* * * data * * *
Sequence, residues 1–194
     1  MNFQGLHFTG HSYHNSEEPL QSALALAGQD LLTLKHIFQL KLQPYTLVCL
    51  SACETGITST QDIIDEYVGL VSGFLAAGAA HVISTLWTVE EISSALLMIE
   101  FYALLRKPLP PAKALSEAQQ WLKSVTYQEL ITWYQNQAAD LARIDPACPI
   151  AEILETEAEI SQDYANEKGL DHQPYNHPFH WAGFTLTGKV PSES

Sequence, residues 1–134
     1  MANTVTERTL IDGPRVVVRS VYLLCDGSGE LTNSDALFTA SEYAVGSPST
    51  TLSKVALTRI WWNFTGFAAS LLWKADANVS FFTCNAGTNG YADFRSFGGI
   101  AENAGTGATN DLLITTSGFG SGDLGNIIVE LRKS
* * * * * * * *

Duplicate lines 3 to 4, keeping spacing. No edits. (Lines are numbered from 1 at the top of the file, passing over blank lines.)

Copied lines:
    51  SACETGITST QDIIDEYVGL VSGFLAAGAA HVISTLWTVE EISSALLMIE
   101  FYALLRKPLP PAKALSEAQQ WLKSVTYQEL ITWYQNQAAD LARIDPACPI